Big surprise: people aren’t buying mobile phones the way they used to. Vodaphone saw an 18% drop in handset sales. According to Vittorio Colao, Vodaphone head honcho, “people, instead of staying on the same package and getting a better phone, are deciding to go for a cheaper package and not changing their phone.” The horror!
Cell phones are approaching commodity status, and cellular networks are already there. Average users don’t care about the difference between GSM and EVDO, so “cellular is cellular” to them. The average consumer, if they don’t already have a cell phone, is going to select a carrier based on perceived value, which includes the plan price but also the number of their friends using that network. I’d wager that most folks are happy to take the “free phone” supplied to them when they sign up for an account. Most average users don’t seem to care too much about phone features, since the phones are largely interchangeable: it’s the service about which users care.
Why should folks buy new phones? Do new models of low- and mid-range phones really offer anything new that’s worth the price of an upgrade? If you’re not already a smartphone user, reading email and “being productive” wherever you go, what’s the real difference between mobile phones? I have a friend who’s had a LG LX350 for almost three years now, and has no plans to upgrade any time soon. The phone works, and does all he needs of it. What’s his incentive to upgrade?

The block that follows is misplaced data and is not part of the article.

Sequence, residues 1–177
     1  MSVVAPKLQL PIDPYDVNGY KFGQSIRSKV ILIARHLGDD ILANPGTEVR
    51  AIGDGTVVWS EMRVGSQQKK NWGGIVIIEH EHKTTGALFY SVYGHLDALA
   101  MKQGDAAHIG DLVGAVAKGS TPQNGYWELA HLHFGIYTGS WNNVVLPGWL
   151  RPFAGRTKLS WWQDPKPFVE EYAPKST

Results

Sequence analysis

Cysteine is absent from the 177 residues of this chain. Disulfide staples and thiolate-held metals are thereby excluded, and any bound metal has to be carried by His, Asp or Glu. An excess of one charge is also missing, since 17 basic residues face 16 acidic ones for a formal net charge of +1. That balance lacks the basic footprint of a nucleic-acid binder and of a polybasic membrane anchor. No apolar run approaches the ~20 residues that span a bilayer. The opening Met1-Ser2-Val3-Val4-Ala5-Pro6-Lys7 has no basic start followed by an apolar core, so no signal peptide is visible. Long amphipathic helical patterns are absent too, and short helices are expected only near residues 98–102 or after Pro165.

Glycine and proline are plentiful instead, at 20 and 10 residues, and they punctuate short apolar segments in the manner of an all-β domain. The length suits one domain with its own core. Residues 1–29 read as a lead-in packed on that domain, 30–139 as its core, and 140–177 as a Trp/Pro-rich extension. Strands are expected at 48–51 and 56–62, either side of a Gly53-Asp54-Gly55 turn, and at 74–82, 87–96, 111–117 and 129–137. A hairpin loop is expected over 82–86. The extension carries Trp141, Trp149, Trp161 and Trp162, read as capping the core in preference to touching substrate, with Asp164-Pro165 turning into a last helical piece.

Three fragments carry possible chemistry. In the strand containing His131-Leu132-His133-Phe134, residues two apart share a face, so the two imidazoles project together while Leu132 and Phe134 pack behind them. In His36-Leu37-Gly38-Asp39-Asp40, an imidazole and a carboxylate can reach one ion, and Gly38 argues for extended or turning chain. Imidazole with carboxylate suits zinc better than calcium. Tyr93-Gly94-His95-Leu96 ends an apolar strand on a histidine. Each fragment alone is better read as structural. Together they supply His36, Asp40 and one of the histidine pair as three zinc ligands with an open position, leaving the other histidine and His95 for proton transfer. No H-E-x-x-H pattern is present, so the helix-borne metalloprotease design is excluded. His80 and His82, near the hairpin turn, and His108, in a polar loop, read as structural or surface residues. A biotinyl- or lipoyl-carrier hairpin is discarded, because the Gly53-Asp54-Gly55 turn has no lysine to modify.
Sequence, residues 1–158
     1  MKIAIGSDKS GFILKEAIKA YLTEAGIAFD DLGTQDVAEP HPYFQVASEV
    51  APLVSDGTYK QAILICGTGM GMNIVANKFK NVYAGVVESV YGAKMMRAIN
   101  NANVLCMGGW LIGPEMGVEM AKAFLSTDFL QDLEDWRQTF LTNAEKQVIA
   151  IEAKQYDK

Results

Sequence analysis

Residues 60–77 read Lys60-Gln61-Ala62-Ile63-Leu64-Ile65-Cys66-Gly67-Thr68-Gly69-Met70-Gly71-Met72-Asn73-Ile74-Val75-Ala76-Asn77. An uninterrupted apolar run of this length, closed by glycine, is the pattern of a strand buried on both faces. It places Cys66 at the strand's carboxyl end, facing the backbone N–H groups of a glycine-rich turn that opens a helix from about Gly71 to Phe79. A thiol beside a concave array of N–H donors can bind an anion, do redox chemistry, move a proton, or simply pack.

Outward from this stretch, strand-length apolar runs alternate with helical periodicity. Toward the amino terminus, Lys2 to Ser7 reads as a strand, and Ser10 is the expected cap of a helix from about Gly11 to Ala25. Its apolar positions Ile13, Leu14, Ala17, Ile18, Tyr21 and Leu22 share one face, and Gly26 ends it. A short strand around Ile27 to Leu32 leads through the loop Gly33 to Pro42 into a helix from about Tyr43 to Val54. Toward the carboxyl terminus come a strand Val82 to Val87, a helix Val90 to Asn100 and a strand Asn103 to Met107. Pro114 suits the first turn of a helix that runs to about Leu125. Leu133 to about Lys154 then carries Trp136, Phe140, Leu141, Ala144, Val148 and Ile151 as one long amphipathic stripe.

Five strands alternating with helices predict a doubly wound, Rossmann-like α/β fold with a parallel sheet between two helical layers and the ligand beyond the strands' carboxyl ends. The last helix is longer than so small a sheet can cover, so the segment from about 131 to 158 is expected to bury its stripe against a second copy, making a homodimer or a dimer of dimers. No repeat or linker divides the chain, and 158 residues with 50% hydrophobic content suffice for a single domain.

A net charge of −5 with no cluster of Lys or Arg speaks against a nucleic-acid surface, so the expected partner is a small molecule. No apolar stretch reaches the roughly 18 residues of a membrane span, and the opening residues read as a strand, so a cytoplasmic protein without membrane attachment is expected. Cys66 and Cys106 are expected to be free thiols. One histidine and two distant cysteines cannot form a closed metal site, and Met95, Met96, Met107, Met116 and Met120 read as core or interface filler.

Handset manufacturers and cellular carriers are going to need to figure out how to deal with the new reality of customers making the most of their purchases. Gone are the days of the obligatory upgrade just because you’re renewing your contract. We need to see real innovate in the products and services offered, rather than blindly performing perfunctory upgrades.
Via The Guardian.